meltdown in the economy. The concern about a shakeout
causing massive unemployment led to the founding of the
Industrial Revitalization Corporation of Japan (IRCJ), a
government-run turn-around fund which was mandated to go
save big companies (i.e., big employers) and fix them.

Commentators at the time said that the IRCJ was a
boondoggle and had little chance of success. We disagreed,
mainly because we'd been given a look at the quality of
people that the IRCJ was hiring in. We found it to have
some of the best private turn-around specialists in the
country -- people being called upon by the government to
help their country in its hour of need. And it worked. The
IRCJ has just announced that it will shutter its doors a
year earlier than scheduled, after having assisted in the
turn-around of 41 companies around Japan. Clients included
Kanebo, Daiei, and Misawa Homes. The IRCJ made JPY1trn of
investments and as of March 31st this year, had earned
back profits of JPY30bn-JPY50bn. This money will go back to
the government. Not a bad result. (Source: TT commentary
from nikkei.co.jp, Mar 10, 2007)

http://www.nni.nikkei.co.jp/AC/TNKS/Nni20070309D09JFA08.htm

-> Toxic bacteria in Japan

The National Institute of Infectious Diseases (NIID) has
warned that a highly virulent strain of enteritis bacteria
called clostridium difficile has been found in Japan. The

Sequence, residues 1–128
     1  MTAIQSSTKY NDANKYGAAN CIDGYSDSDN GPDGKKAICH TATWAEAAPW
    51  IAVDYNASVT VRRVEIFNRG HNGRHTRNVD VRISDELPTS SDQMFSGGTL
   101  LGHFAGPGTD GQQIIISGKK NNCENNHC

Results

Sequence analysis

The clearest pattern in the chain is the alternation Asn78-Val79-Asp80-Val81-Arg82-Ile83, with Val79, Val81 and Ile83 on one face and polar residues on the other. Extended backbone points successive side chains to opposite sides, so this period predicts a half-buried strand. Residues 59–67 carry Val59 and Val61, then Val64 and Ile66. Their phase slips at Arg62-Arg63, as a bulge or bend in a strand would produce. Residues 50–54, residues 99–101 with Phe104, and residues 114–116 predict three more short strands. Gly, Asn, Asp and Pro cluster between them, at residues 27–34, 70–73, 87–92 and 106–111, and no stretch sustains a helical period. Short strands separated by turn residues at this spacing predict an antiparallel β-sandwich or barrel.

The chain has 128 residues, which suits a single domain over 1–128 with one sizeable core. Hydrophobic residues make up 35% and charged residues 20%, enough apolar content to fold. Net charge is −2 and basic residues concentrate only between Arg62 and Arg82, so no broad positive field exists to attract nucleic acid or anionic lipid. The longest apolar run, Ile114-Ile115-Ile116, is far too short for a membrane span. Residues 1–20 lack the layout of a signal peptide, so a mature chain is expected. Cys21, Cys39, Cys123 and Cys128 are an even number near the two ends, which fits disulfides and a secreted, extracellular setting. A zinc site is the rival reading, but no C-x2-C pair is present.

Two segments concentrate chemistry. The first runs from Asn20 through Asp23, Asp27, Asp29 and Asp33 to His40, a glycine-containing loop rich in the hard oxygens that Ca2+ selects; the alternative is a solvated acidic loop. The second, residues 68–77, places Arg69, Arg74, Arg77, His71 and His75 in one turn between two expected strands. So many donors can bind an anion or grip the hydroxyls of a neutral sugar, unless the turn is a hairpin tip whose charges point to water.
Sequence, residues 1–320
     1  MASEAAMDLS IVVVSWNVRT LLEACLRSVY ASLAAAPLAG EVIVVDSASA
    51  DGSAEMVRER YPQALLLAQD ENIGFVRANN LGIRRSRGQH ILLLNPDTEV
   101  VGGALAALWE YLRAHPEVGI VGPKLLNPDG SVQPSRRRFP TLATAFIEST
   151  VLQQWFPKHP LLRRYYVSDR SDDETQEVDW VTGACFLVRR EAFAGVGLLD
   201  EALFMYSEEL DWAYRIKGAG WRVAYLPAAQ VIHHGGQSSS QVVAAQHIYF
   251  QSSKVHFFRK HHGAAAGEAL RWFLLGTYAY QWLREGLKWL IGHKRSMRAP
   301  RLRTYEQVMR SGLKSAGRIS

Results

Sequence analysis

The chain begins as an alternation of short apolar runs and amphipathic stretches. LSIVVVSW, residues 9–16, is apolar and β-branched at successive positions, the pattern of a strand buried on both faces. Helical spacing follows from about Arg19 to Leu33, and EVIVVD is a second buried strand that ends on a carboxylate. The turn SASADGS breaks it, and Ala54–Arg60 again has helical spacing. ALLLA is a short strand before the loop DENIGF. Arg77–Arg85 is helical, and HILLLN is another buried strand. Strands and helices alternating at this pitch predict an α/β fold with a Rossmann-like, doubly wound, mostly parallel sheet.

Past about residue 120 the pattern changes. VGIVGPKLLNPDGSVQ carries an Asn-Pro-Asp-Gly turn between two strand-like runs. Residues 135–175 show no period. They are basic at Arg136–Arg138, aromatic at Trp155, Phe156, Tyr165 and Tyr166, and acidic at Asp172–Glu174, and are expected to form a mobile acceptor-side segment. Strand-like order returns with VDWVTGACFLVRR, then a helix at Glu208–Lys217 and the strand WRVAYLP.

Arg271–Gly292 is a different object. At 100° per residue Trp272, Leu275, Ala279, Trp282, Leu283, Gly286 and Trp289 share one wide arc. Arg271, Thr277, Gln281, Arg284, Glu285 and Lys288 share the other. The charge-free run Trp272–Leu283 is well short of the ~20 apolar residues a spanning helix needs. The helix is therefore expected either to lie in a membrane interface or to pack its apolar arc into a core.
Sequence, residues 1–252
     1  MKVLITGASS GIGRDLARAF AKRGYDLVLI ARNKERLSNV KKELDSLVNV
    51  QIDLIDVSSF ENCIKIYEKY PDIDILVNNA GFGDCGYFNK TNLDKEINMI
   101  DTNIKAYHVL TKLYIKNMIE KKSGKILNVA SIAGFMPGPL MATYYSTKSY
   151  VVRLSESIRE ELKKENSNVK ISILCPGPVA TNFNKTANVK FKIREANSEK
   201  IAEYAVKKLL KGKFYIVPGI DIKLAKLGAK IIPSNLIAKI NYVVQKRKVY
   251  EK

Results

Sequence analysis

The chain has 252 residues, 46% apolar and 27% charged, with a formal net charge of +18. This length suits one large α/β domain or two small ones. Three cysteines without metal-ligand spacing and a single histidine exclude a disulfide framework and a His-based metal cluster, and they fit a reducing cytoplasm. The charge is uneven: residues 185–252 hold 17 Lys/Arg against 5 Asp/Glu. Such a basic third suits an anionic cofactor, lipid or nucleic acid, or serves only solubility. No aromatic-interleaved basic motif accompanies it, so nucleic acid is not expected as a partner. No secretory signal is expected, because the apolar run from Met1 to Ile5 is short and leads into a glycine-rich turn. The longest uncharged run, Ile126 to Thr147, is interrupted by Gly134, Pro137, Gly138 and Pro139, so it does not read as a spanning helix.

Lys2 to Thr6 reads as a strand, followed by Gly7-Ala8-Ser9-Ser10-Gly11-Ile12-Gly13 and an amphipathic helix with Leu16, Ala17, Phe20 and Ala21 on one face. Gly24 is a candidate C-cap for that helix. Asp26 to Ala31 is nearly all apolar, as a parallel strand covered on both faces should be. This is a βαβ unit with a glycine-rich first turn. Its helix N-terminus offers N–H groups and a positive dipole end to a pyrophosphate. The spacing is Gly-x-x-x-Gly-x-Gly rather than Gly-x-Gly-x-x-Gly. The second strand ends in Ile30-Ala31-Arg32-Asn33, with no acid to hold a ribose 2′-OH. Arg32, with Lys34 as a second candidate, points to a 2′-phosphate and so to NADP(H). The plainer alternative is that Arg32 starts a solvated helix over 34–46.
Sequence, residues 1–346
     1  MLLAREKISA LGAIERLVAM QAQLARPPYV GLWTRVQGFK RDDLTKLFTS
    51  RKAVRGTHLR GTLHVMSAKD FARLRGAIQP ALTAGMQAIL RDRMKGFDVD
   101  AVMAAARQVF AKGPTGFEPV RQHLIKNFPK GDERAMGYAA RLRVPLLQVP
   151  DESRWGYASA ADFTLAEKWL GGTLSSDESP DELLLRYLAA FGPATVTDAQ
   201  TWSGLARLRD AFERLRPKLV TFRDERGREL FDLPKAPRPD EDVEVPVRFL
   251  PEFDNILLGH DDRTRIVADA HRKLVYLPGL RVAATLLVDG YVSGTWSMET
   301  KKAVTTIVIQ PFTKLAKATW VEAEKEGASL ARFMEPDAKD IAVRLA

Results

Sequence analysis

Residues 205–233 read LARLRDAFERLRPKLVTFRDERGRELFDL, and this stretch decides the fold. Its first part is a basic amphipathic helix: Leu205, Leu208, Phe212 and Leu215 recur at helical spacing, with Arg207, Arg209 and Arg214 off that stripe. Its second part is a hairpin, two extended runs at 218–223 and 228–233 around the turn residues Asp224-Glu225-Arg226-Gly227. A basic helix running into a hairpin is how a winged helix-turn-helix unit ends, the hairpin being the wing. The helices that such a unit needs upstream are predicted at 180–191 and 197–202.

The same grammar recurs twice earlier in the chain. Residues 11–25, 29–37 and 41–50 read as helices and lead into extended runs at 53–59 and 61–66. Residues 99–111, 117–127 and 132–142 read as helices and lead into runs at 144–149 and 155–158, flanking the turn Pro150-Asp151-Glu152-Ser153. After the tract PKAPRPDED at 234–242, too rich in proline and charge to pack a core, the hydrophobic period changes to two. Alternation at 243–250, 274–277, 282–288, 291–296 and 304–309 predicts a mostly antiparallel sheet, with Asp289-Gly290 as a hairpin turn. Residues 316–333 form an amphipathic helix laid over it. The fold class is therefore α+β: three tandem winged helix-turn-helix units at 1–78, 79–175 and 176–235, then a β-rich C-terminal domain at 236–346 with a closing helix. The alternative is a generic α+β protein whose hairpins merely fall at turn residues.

bacteria is quite lethal and in a study of 12 Canadian
hospitals in 2004, 117 out of 1,703 patients died from the
bacteria. It is not known how the bacteria travel, although
a common element between cases seems to be that the
sufferers were treated with antibiotics and subsequently
developed enteritis. (Source: TT commentary from
japantimes.co.jp, Mar 10, 2007)

http://search.japantimes.co.jp/cgi-bin/nn20070310a4.html

-> Edy faces stiff competition

According to an article from cardtechnology.com,
contactless payment service Edy is now faces strong
competition from a number of other players. The Edy service
is run by a company called BitWallet, and was established
in 2001 by Sony, NTT DoCoMO, and several other firms. It
was the first successful contactless payment system in the
market. One reason why BitWallet is under pressure is that
DoCoMo has decided to go out and load its own contactless
prepaid cash service, called iD, on all phones now sold by
the firm -- millions a year. Further, railway operator JR
East is tying up its contactless ticket and e-cash service,
Suica, with 100+ subway, bus and other transit operators in
Tokyo. The article also says that 12,000-store Seven-Eleven
will launch a new payment service called Nanaco, later this
year. ***Ed: BitWallet says it's confident of its future in
the market, if only because right now more than 90% of
payments made by consumers in Japan are done with cash.
Through its 49,000 registered merchants, Edy did 15m
transactions in just February 2007 alone. (Source: TT
commentary from cardtechnology.com, Mar 9, 2007)

http://www.cardtechnology.com/article.html?id=20070309FKF5MHY5

-> SME IT market worth US$41bn

According to New York based Access Market International
(AMI), Japanese SME firms employing 1-999 employees
collectively spent about US$41bn IT products and services
in 2006, up 7% from 2005. The top sectors invested in by
the SMEs were security and storage, markets worth US$954m
and US$1.8bn respectively. The AMI numbers came out of a
set of surveys conducted by the company direct with SMEs in
Japan. (Source: TT commentary from tmcnet.com, Mar 7, 2007)

http://tinyurl.com/2popvd
Or, http://www.liveurl.org/index.php?AQt7UmyVfA

-> 2007 IPOs suffer

Whether it's the lack of sexiness of the offerings or just